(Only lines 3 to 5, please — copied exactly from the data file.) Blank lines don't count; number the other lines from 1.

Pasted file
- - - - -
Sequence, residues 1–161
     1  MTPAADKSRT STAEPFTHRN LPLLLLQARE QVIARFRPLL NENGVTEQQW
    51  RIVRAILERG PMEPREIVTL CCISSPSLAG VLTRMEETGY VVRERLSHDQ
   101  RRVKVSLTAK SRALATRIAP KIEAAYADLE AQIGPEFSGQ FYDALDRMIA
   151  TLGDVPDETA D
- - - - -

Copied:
    51  RIVRAILERG PMEPREIVTL CCISSPSLAG VLTRMEETGY VVRERLSHDQ
   101  RRVKVSLTAK SRALATRIAP KIEAAYADLE AQIGPEFSGQ FYDALDRMIA
   151  TLGDVPDETA D